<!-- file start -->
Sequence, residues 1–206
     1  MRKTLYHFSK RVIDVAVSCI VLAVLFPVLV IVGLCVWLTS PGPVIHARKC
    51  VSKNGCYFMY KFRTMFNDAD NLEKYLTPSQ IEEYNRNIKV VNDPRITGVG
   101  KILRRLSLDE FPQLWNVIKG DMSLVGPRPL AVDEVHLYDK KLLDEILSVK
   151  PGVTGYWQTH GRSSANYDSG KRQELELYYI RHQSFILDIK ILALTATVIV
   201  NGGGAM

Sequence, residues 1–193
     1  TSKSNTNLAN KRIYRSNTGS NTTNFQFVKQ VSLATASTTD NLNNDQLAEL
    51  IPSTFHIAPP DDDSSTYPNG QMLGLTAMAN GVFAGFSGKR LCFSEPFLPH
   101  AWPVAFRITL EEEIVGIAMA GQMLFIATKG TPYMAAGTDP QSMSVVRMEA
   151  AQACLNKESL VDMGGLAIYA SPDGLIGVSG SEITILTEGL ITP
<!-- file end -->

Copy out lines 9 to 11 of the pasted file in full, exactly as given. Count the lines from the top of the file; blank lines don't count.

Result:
    51  IPSTFHIAPP DDDSSTYPNG QMLGLTAMAN GVFAGFSGKR LCFSEPFLPH
   101  AWPVAFRITL EEEIVGIAMA GQMLFIATKG TPYMAAGTDP QSMSVVRMEA
   151  AQACLNKESL VDMGGLAIYA SPDGLIGVSG SEITILTEGL ITP